Chem Explorers

Manganese: Exploring Its Fascinating Chemical and Magnetic Properties

Manganese – A Look at Its

Chemical Properties and Electron Configuration

Manganese is a powerful mineral, known for its incredible properties that are widely used in industrial and technological applications. As a versatile metal, manganese has a wealth of properties that make it ideal for a variety of industries, ranging from steel production to medicine.

In this article, we’ll take a closer look at the chemical properties of manganese and its electron configuration.

Chemical Properties of Manganese

Atomic Symbol and Group

Manganese is a chemical element with the atomic symbol Mn and belongs to the 7th group of the periodic table. This means that it has seven valence electrons in its outermost shell.

Period and Block

Manganese is a fourth-period element with a d-block configuration, which means it has a partially filled d-orbital with electrons in its valence shell.

Atomic Number and Weight

Manganese has an atomic number of 25, and its atomic weight is 54.9380 g/mol.

Electronegativity and Density

The electronegativity of manganese is 1.55, which means it tends to form covalent bonds with other elements. Its density is 7.21 g/cm3, which makes it denser than most elements at room temperature.

Melting and Boiling Point

Manganese has a high melting point of 1519 K and a boiling point of 2334 K. These high temperatures make it useful in high-temperature applications.

Vander Waals and Ionic Radius

The Vander Waals radius of manganese is 197 pm. The ionic radius varies depending on the oxidation state, and it can be found in the periodic table.


Manganese has one stable isotope, 55-Mn, and many radioisotopes.

Electron Configuration and Ionisation Energy

Electronic Shell and Configuration

The electron configuration of manganese is [Ar]3d5 4s2, meaning it has a total of 25 electrons distributed across its shells. The first shell has two electrons, the second shell has eight electrons, and the third shell has 13 electrons.

First, Second, and Third Ionisation Energy

Manganese has a first ionisation energy of 717.3 kJ/mol, a second ionisation energy of 1509.0 kJ/mol, and a third ionisation energy of 3248 kJ/mol. The high ionisation energy means that manganese atoms are relatively stable and resist losing or gaining electrons.

Applications of Manganese

Manganese is a vital element that has a wide range of applications in various industries. Here are some of the applications of manganese:


Steel Production – Manganese is essential in the production of steel. It acts as a key component in the process of creating steel alloys, which enhance the strength and durability of the final product.

2. Batteries – Manganese is used in several types of batteries, including lithium-ion batteries, alkaline batteries, and zinc-carbon batteries.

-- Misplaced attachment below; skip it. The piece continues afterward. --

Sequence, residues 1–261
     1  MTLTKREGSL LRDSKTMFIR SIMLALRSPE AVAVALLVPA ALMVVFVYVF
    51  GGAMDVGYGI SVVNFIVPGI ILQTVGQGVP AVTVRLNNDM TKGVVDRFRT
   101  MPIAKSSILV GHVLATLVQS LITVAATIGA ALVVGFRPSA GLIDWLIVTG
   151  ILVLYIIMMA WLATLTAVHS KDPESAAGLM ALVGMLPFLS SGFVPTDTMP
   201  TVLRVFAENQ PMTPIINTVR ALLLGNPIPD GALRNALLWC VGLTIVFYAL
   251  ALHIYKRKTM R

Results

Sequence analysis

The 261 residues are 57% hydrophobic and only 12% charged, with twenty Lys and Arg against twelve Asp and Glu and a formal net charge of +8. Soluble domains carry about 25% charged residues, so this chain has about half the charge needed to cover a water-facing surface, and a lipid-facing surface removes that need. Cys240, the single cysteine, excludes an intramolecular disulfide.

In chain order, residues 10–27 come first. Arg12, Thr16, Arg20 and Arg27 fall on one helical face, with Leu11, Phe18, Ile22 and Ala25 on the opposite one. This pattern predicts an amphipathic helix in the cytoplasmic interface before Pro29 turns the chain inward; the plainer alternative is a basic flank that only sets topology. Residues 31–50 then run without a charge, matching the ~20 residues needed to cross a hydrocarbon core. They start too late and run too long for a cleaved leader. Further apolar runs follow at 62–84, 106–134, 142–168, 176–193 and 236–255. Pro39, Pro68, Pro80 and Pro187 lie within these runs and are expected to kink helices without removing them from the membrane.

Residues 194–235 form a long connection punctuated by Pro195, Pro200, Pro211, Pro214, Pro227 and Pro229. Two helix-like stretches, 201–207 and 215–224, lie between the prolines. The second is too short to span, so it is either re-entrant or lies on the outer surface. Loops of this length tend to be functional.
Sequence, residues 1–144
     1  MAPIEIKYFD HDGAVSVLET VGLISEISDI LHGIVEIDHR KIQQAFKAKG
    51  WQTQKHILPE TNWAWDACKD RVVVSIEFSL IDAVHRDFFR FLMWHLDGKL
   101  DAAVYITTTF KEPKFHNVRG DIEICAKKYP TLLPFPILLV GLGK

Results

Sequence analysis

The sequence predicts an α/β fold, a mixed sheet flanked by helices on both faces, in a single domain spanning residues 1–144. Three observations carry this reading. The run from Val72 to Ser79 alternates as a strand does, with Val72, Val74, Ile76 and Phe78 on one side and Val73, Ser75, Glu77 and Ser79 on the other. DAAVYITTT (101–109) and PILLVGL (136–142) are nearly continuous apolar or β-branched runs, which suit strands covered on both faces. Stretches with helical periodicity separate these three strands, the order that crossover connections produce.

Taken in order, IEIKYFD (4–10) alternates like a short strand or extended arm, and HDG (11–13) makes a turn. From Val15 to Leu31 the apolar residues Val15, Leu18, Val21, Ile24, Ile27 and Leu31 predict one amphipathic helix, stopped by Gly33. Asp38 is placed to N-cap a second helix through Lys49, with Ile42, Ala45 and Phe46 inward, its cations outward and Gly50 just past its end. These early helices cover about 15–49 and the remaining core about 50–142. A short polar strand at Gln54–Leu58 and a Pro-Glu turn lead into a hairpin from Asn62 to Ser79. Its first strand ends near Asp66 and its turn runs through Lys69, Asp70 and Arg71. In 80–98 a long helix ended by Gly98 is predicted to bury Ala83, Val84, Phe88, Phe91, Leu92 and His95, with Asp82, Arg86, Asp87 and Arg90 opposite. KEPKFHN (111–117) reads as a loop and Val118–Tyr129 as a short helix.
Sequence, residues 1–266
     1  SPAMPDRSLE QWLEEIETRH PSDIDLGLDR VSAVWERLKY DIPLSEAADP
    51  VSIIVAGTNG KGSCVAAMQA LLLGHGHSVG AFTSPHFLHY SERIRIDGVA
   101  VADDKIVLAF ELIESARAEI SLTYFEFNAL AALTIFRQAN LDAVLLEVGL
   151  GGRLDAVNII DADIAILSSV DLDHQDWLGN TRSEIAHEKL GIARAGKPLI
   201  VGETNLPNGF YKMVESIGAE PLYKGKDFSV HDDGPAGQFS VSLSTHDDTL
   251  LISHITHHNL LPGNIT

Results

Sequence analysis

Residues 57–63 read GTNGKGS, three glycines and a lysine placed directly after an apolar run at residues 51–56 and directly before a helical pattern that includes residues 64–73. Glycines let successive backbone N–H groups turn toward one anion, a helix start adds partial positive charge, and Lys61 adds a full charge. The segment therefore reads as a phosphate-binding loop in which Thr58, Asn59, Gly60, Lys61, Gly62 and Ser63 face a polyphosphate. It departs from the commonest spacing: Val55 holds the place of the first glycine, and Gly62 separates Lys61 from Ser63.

3. Agriculture – Manganese is a vital nutrient required by plants to grow.

It plays a role in chlorophyll production, which aids in photosynthesis. It also helps protect plants from pests and diseases.

4. Medicine – Manganese plays a role in several enzymatic reactions in the body, including carbohydrate, lipid, and protein metabolism.

It is also essential for the proper functioning of the nervous system.


Manganese is a vital element with unique chemical properties and an intriguing electron configuration. Its range of applications is vast, and it is a vital component in a variety of industries.

Learning about the chemical properties of manganese and its electron configuration will enable us to understand its importance and its many uses.

3) Oxidation States and Allotropic Forms

Oxidation States

Manganese is a metal that can have various oxidation states. Its most stable oxidation state is +2, but it can also exist in the +3, +4, +6, and +7 oxidation states.

Manganese can effectively be used as a reducing agent, or in some situations as an oxidizing agent. The +2 oxidation state is the most commonly found state, and it’s stable due to the half-filled d5 orbital in the valence shell of the manganese atom.

In the other oxidation states, manganese either loses or gains electrons to reach stability.

Allotropic Forms

Manganese exhibits different allotropic forms, such as -manganese, -manganese, and -manganese, depending on temperature and pressure conditions. Alpha-manganese has a body-centered cubic structure, whereas beta-manganese has hexagonal close-packed structures.

The -form of manganese contains significantly higher temperatures than the -form and exhibits higher magnetic and electrical properties. These forms exist due to the different atomic arrangements in the crystal lattice.

4) Chemical Classification and Properties

Chemical Classification